Implementing Product Portfolio Management in Multinational Software Corporations.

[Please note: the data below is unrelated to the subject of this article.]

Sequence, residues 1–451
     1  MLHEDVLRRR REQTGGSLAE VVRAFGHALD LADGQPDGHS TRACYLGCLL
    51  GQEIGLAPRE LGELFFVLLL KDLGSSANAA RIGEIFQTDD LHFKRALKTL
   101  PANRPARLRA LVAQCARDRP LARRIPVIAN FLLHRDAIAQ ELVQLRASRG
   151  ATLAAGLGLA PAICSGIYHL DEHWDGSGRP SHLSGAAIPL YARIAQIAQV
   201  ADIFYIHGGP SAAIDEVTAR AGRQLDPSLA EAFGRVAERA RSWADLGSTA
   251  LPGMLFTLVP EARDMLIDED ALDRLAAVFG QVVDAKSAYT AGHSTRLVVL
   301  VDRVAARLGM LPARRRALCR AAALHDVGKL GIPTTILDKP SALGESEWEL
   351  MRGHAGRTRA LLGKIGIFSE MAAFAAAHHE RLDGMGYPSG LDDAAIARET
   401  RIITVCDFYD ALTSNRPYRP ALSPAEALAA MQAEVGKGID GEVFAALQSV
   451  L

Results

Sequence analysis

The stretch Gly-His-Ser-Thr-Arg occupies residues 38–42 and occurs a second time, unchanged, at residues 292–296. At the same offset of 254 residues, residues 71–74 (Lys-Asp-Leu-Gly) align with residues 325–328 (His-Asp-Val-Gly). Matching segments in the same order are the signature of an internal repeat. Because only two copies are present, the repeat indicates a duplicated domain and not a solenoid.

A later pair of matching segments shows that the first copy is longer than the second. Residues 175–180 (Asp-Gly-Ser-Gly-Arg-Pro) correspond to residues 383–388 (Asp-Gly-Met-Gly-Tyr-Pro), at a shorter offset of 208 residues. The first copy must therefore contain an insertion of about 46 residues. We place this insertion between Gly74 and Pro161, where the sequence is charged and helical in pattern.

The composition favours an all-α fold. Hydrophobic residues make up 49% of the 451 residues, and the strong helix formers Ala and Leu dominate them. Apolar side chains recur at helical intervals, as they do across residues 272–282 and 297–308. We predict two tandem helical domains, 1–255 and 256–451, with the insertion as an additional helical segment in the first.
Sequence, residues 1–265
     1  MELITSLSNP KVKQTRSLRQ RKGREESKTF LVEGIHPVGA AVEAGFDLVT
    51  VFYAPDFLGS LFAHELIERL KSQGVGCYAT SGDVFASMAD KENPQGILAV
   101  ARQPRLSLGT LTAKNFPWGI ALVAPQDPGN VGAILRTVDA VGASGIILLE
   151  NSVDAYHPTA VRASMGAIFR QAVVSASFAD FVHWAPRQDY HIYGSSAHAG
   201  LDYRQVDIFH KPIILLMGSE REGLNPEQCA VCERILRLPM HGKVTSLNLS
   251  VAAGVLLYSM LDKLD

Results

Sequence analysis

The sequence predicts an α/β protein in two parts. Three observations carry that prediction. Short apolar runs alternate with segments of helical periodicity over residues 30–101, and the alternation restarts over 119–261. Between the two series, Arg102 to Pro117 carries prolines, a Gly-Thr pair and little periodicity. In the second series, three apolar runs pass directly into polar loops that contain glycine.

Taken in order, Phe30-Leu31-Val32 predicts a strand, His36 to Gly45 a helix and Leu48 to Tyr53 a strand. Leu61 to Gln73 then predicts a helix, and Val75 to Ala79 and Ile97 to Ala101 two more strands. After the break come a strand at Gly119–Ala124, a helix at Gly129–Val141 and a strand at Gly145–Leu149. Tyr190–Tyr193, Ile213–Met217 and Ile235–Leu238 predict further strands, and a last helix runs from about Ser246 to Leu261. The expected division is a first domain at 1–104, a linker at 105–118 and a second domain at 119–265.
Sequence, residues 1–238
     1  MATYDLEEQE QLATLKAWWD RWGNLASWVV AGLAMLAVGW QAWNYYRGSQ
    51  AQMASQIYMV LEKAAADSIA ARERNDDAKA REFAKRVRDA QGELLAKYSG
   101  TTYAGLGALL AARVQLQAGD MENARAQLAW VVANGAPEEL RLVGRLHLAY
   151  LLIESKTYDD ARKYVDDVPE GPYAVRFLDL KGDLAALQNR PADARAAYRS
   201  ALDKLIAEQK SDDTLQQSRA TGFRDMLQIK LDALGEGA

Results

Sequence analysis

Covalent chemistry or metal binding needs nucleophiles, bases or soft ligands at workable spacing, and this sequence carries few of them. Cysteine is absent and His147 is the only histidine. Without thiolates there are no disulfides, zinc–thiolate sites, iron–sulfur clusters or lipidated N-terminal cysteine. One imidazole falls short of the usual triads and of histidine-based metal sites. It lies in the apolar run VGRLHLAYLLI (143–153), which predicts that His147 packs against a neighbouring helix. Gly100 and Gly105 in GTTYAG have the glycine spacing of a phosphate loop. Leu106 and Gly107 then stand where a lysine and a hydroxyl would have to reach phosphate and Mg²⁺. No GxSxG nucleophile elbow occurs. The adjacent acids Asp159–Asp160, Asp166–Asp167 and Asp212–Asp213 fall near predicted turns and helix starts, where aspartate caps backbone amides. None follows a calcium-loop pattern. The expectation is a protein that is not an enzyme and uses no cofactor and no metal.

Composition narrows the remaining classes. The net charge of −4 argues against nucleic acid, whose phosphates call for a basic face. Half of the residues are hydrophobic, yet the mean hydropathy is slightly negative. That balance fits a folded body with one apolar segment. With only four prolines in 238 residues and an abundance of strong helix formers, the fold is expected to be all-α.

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In this thesis we present an overview of a single exploratory case study on the topic of product portfolio management (PPM) implementation in multinational software corporations (MNCs). In this study, we look at four generally recurring issues in such implementation projects, being context, content, process and outcomes. We find that the case company has four goals that it wants to achieve by implementing PPM. These are: 1. Product portfolio information management improvement 2. Project portfolio information management improvement 3. Improvement of ability to identify opportunities for collaboration 4. Formalization and professionalization of decision making In addition, we identify several competitive forces that drive the need for a PPM implementation, such as the threat of new entrants, the threat of substitutes due to subscription models and the bargaining power of buyers due to the economic downturn. Furthermore we find that local managers demand flexible PPM processes, limited corporate management involvement and a limited aim for collaboration initiatives. To explain these statements, we found several situational factors that affect the local managers’ attitude towards certain PPM aspects. We describe how we have designed a PPM solution that both fits the corporate demands and the local contexts by designing a light-weight information system, a flexible 4-step process and in which corporate management plays a limited role. In addition we describe how we have implemented PPM in the case company via direct, whole-system conversion by first doing a pilot implementation and thereafter implementing PPM for all subsidiaries simultaneously. Finally, we evaluate the outcomes of the studied implementation project by means of a survey. We find strong support that three out of the four aforementioned goals have been achieved by the implementation. Furthermore we find support that eight out of 10 of the generic PPM related goals, as defined in previous studies, have also been achieved by this implementation project. And to conclude, we find that the implemented processes are flexible enough, corporate management could play a bigger role and we find strong support for the ability to identify collaboration opportunities.